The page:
Vision Quest Traditions

Some reasons for undertaking a quest include

  • To gain courage for a difficult ordeal such as the Sun Dance or war path
  • To seek favor from the spirits in regard to ill health of a loved one
  • To find direction in one’s life
  • To give thanks for gifts already received.. etc

Those who seek out a vision are aware of their powerless position before the mystery of the Great Spirit.

The “lamenter” must first seek assistance from the guide of a medicine man

  • Both must be purified by the Inipi Sweat Lodge before beginning his or her journey
  • The location chosen for this quest is elevated and deliberately removed from ordinary traffic
  • Abstinence from food and water through the duration of their quest emphasizes the seeker’s fully purified body, rid of earthly material that could repel the spirits

Vision Quest relates strong community ties to the individual visionary experience

  • It was expected to announce one’s visions to people of the tribe
  • Many visions held distinct patterns in accordance with symbols and stories of the tribe

o      Visions were often interpreted with the help of others, such as medicine men.

o      Particular images or messages relayed in a vision could be interpreted as an invitation into a specific society or role within the tribe(such as shaman)

  • Gifts from the spirits were never meant to be solely for the recipient- wisdom was shared with the larger community.

Framework of the vision depends on the liminal state of consciousness from fasting and fatigue

  • Though unique visions of prophetic quality cannot be rationally explained, many interpretations are culturally shaped by the tribe’s history, folklore, and spiritual understanding of reality.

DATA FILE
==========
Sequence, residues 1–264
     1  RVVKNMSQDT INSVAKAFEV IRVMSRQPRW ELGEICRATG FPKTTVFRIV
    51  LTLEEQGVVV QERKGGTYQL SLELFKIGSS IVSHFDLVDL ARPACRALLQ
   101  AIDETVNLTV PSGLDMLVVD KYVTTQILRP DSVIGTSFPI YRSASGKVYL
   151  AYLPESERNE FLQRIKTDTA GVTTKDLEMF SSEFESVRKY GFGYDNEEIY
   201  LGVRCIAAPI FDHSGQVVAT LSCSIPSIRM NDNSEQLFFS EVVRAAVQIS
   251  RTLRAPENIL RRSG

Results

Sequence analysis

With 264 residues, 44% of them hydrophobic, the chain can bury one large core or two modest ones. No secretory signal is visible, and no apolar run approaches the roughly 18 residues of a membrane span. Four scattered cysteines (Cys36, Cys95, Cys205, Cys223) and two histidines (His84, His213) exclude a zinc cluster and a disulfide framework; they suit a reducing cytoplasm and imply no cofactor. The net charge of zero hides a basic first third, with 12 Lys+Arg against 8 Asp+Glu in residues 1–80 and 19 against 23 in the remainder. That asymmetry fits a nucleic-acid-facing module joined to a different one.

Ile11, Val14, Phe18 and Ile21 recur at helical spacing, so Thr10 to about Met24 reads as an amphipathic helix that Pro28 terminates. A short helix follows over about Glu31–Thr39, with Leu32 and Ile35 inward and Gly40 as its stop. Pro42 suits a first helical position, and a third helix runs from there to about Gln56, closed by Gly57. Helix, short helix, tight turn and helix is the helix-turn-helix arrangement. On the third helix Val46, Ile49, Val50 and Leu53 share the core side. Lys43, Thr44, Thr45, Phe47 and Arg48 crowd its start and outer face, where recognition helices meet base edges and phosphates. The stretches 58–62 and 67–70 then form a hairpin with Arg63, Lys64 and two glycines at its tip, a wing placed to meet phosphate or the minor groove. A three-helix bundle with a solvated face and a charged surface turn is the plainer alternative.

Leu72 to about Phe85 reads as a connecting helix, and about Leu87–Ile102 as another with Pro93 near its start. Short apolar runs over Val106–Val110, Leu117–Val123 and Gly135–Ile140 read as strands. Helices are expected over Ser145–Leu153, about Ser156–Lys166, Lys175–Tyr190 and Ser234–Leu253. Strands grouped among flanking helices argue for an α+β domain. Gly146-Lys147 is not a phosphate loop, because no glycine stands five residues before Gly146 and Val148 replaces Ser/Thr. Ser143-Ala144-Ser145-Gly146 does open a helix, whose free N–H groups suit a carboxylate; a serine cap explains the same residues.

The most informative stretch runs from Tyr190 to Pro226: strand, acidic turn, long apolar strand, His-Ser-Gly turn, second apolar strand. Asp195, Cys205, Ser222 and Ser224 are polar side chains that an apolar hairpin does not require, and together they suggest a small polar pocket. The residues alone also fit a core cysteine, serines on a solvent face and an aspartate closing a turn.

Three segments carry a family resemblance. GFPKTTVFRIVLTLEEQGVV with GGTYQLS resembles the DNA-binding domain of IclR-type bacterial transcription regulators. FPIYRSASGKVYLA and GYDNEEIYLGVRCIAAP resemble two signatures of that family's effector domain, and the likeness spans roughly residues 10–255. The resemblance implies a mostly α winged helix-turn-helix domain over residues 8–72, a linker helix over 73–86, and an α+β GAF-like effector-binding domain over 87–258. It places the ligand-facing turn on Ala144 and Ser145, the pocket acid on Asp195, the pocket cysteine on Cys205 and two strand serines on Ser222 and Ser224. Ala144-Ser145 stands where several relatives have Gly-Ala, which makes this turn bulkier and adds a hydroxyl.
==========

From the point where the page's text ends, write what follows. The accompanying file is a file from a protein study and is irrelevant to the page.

• Guardian spirits encountered during vision quests are understood as “sacred messengers”; communicators and symbols of divine power
  • A vision provides an undisputed feeling of truth for the perceiver, therefore they must follow the directions given to them
  • A successful vision seeker gains both direction and power for life

o      Each person within the tribe has the opportunity to approach the supernatural for power that can help the community

o      The Plains Indians singled out shamans according to the specialization of the visions they received; particular medicine symbols and guides

  • Visions inherently transformation the seeker’s self-knowledge

o      The content of a vision is characterized by knowledge of a kind that humans did not possess before, and would not be able to obtain by their own efforts.

Images seen by the “inner eye” of the individual are understood as a glimpse into an unseen realm that is governed by Great Spirit. Events are determined and prefigured in this realm.

Fundamental insight of the Vision Quest according to Kathleen Dugan in The Vision Quest of the Plains Indians:

  • “that each person is a humble and poor suppliant before that which is great and mysterious and whose power is drawn to the cry of the needy.” (168)

Ceremony can be understood as dictated and preconfigured in knowledge provided by visions. Visions also expand the development of ceremonies over time.

Through visions, the body of religious knowledge is shared by the whole community- according to each person’s individual capacity- while its perception lies in the hands of medicine men and women.

Visions determine the rise of religious rituals (origin stories of heroes who were taught the rites of ritual by Great Spirit), shamans, hunting and warring activities.

  • Tradition and authority are dependent upon the truth revealed by visions, therefore the vision quest is a vital tradition for Native American culture.

- Lia Bentley

One Response to Vision Quest Traditions

  1. angelo says:

    i never saw it coming im a mastic and a holy man

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